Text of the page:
What is the Magna Carta?
The Magna Carta is a document which was issued in 1215 by King John of England in a bargain with a group of rebellious barons. ‘Magna Carta’ literally means ‘the Great Charter’ and it is one of the most famous documents in the world.
Why is the Magna Carta so famous?
The Magna Carta established the principle that everyone, including the monarch, is subject to the rule of law. It also says that all ‘free men’ have a right to justice and to a fair trial. Some of the Magna Carta’s key principles are reflected in constitutional documents around the world including the United States Bill of Rights and the Universal Declaration of Human Rights. The Magna Carta is seen as an international symbol of freedom and Nelson Mandela even cited it in his trial in 1964.
This year marks 800 years since the Magna Carta was sealed on 15th June 1215. The four surviving copies of the 1215 Magna Carta are held by the British Library in London (which has two copies), Lincoln Castle and Salisbury Cathedral. Each of these places is hosting an exhibition to mark the anniversary and there are many other events planned.
Famously King John sealed the Magna Carta at Runnymede, a meadow by the River Thames in southern England. Today Runnymede is an area of peaceful countryside and is owned by the National Trust which means that it’s open to the public to visit. You can take a picnic there and go for a walk. On Monday June 15th, 800 years to the day since the Magna Carta was sealed, there will be a Festival of Liberty in the meadow to celebrate the anniversary. There are several memorials at Runnymede including one to the sealing of the Magna Carta and another to President John F Kennedy.
London’s British Library is hosting a major exhibition called Magna Carta: Law, Liberty, Legacy from Friday 13th March until Tuesday September 1st. Besides the library’s copies of the Magna Carta there will be various other unique and important exhibits on display including Thomas Jefferson’s handwritten draft of the Declaration of Independence and an original copy of the Bill of Rights. There will be a children’s free audio guide available to use at the exhibition and there’s no charge for under-16s to go into the exhibition.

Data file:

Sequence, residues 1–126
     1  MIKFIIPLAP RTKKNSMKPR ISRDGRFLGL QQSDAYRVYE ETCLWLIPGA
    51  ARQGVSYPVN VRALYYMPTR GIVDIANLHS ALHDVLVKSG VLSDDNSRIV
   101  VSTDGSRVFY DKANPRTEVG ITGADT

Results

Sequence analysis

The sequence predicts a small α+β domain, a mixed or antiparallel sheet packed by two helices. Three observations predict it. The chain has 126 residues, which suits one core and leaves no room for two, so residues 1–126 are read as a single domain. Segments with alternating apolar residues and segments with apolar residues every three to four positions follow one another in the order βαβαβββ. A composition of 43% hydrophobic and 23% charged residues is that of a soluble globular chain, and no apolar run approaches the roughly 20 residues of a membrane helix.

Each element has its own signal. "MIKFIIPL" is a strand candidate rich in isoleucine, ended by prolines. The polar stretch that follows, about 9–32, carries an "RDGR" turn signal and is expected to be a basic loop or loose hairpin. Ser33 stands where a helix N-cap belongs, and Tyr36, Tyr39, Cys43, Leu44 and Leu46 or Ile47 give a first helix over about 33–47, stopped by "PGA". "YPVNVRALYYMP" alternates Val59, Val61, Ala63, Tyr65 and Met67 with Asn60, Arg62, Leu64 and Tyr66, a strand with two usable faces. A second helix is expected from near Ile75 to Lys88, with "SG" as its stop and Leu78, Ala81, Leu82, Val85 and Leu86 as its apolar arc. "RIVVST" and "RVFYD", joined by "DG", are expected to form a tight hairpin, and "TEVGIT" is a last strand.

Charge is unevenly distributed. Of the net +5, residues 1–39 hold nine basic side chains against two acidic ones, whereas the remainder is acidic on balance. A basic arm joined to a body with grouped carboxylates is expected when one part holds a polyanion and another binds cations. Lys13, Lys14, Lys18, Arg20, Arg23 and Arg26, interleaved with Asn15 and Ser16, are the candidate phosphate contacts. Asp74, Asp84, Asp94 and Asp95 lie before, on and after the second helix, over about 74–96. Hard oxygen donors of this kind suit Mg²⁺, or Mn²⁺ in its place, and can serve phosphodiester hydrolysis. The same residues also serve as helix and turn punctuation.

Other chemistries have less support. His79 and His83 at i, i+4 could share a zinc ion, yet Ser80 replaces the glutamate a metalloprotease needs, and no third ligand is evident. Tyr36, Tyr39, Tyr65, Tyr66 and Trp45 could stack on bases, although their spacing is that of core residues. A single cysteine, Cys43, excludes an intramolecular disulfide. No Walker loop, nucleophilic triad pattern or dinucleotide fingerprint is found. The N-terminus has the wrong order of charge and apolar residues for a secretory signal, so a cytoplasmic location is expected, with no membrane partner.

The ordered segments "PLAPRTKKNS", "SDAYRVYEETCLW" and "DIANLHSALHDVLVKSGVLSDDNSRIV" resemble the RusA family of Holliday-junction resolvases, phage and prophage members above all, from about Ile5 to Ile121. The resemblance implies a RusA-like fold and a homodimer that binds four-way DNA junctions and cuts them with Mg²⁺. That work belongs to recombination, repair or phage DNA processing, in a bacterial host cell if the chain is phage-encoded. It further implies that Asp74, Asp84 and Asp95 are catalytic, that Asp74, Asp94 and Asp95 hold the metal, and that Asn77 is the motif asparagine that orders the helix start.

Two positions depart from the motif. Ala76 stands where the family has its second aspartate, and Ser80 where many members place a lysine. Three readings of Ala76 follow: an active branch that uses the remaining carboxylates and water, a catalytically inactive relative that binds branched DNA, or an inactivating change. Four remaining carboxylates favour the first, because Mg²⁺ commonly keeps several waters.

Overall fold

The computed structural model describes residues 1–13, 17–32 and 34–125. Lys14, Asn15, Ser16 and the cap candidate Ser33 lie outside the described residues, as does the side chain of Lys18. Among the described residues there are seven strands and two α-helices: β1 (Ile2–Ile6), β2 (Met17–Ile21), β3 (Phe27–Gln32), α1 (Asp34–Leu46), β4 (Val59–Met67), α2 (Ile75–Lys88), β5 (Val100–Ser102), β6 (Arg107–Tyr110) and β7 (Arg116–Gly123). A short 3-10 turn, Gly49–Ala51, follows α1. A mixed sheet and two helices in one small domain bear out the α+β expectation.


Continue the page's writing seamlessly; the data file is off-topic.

Salisbury Cathedral is hosting a new Magna Carta exhibition which opens on 7th March. (I’m going to Salisbury in April and I hope to visit the exhibition – I’ll report back). The Salisbury copy of the Magna Carta is said to be the best preserved of the four and will take pride of place in the exhibition. There will be interactive exhibits and videos to bring the Magna Carta story to life. From June 15th until September 7th you can follow the Barons Charter Trail around the city of Salisbury. The trail will feature 35 new Baron sculptures painted by local artists which will be auctioned in aid of the Trussell Trust once the trail has finished. Lonely Planet has named Salisbury as one of the top ten cities in the world to visit in 2015.
Lincoln Castle is currently undergoing a multimillion pound restoration including a purpose-built vault to house and display its copy of the Magna Carta. Lincoln Castle will reopen on April 1st. There’s limited information available at the moment about family-friendly activities at the castle but keep an eye on the Lincoln Castle website for news as the opening date approaches.
Parliament is encouraging UK communities to have afternoon tea on Sunday 14th June (the day before the sealing of the Magna Carta) to celebrate the freedom and rights which we enjoy. The event is called LiberTeas and is sure to involve cake and talking. I’m in.
To find out more about the Magna Carta anniversary go to magnacarta800th.com
Have you ever seen a copy of the Magna Carta? Would you like to go to one of these exhibitions? What do your children know about the Magna Carta?